Graphene And Quantum Computing.

120523135527-largeThis technique has two significant advantages over previous approaches that have entangled atoms with light: "The efficiency with which we produce entangled photons is quite high and in principle could be increased to over 99 percent," explains Northup. "But above all, what this setup lets us do is generate any possible entangled state." To this end, the frequency and amplitude of the laser light are carefully chosen so that target collective state of the ion and photon is reached

The Holy Grail of next generation computers is quantum computing, which promises to revolutionise computing as we know it. One way of looking at it is as if it’s going to be the very latest super-computer compared to a 1940s bombe which broke the German Enigma codes in 1940. Except that there’s going to be one big difference.  Quantum computers i.e. super-super-super-computers, thanks to graphene will be highly mobile, lightweight, and tiny (if a wanted trait,) compared to today’s super-computers.

The super quantum computer of tomorrow, might be as portable as a smart phone. And while all that computing power will change consumer electrics and the way we operate everything from internal combustion engines, to electric vehicles, avionics and shipping, it’s in the fields oc communication and of cutting edge further research, that quantum computers will really make the big difference.  Super-computing steps from Newton into Einstein.

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Despite a whole slew of graphene advances this year and last in the labs, involving quantum computers, this week’s advance announced by scientists at the University of Innsbruck's Institute for Experimental Physics promises to take quantum computing out of the labs late this decade, with massive changes coming early next decade. Out of sight of mainstream media the new carbon age is arriving, it’s just that decade long intellectual timeframes has been pushed out of mainstream media buy the cult of celebrity “culture.” An investing profit opportunity there for young investors willing to want more than a stag Facebook Flip.

Big Step Toward Quantum Computing: Efficient and Tunable Interface for Quantum Networks
ScienceDaily (May 23, 2012) — While several building blocks for a quantum computer have already been successfully tested in the laboratory, a network requires one additonal component: a reliable interface between computers and information channels. In the current issue of the journal Nature, physicists at the University of Innsbruck report the construction of an efficient and tunable interface for quantum networks.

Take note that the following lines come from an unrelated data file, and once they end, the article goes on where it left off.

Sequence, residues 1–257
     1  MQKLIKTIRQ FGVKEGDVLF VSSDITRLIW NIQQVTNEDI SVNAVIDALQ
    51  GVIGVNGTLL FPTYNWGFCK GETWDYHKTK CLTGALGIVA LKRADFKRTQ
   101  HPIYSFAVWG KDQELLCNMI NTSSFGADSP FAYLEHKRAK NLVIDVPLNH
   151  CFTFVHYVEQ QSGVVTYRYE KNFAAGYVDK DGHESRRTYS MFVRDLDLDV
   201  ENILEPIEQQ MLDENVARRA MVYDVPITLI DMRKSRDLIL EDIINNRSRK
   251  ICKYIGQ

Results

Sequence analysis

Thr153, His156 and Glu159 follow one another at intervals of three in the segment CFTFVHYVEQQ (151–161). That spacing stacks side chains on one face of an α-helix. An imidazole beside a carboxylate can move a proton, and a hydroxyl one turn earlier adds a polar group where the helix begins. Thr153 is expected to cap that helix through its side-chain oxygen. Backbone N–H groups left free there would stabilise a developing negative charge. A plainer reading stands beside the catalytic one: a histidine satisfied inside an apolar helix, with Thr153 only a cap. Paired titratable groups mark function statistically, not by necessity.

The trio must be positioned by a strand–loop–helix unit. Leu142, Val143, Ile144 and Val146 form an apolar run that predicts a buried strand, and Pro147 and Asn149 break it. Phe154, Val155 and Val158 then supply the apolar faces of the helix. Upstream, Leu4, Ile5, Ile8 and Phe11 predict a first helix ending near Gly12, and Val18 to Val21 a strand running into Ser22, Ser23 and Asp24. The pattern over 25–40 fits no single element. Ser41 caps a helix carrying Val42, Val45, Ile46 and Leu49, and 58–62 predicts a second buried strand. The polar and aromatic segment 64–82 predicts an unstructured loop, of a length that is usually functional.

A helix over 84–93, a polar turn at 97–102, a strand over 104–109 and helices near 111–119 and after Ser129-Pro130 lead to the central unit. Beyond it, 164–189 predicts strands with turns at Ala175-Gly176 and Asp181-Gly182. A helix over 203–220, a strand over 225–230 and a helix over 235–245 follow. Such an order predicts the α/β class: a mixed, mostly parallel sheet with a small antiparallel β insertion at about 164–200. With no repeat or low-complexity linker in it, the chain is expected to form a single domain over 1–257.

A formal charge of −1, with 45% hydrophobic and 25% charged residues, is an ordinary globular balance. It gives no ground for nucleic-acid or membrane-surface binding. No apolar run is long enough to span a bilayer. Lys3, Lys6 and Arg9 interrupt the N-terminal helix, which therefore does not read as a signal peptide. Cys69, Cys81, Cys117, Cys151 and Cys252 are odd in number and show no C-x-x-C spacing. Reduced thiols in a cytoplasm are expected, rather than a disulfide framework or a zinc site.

Quantum technologies promise to redefine the landscape of information processing and communication. We already live in an information age, in which vast amounts of data are sent around the world over optical fibers, but future quantum networks may be many times more powerful. These networks will require interfaces that can transfer information from quantum processors onto light particles (photons). Such interfaces will allow optical fibers to transmit information-bearing photons between remote data registers, which are likely to be composed of quantum dots or ions.

—-Now, a research team led by Rainer Blatt, Tracy Northup, and Andreas Stute at the University of Innsbruck's Institute for Experimental Physics has demonstrated the first interface between a single ion and a single photon that is both efficient and freely tunable.

The Enigma and the Bombe
This website describes how the German Enigma enciphering machine was broken by the British bombe – the cryptanalytical machine designed by Alan Turing and Gordon Welchman at Bletchley Park, the centre of Allied codebreaking during World War II.

The bombes were neither the only, nor the first, method of breaking the Enigma but the breaks facilitated by the bombes from 1940 onwards yielded intelligence in a quantity unprecedented in military history and made a major contribution to Allied victory.

The Enigma was not the only enciphering machine employed by Germany in World War II. The other machines, the Siemens T52 Geheimschreiber and the Lorenz SZ40/SZ42 Schlüsselzusatz were codenamed STURGEON and TUNNY respectively at Bletchley Park. The traffic derived from TUNNY was known at Bletchley Park as FISH. TUNNY was initially broken by hand methods due to an extraordinary German error and later with the assistance of Heath Robinson, an experimental punched paper tape comparator incorporating about 30 valves. Having shown the comparison method of cryptanalysis to be workable, a second, more practical machine, called Colossus, was designed to break the FISH machines. Colossus was arguably the world's first electronic computer and incorporated about 1600 valves.

The cornucopia of intelligence gleaned from the Enigma breaks and from FISH was known as ULTRA.

University of Innsbruck
The Photonics group is lead by Prof. Gregor Weihs at the Institute for Experimental Physics at the University of Innsbruck. We conduct research in quantum optics, nonlinear optics, the optics of semiconductor nanostructures, and in addition we perform experiments on the foundations of (quantum) physics.

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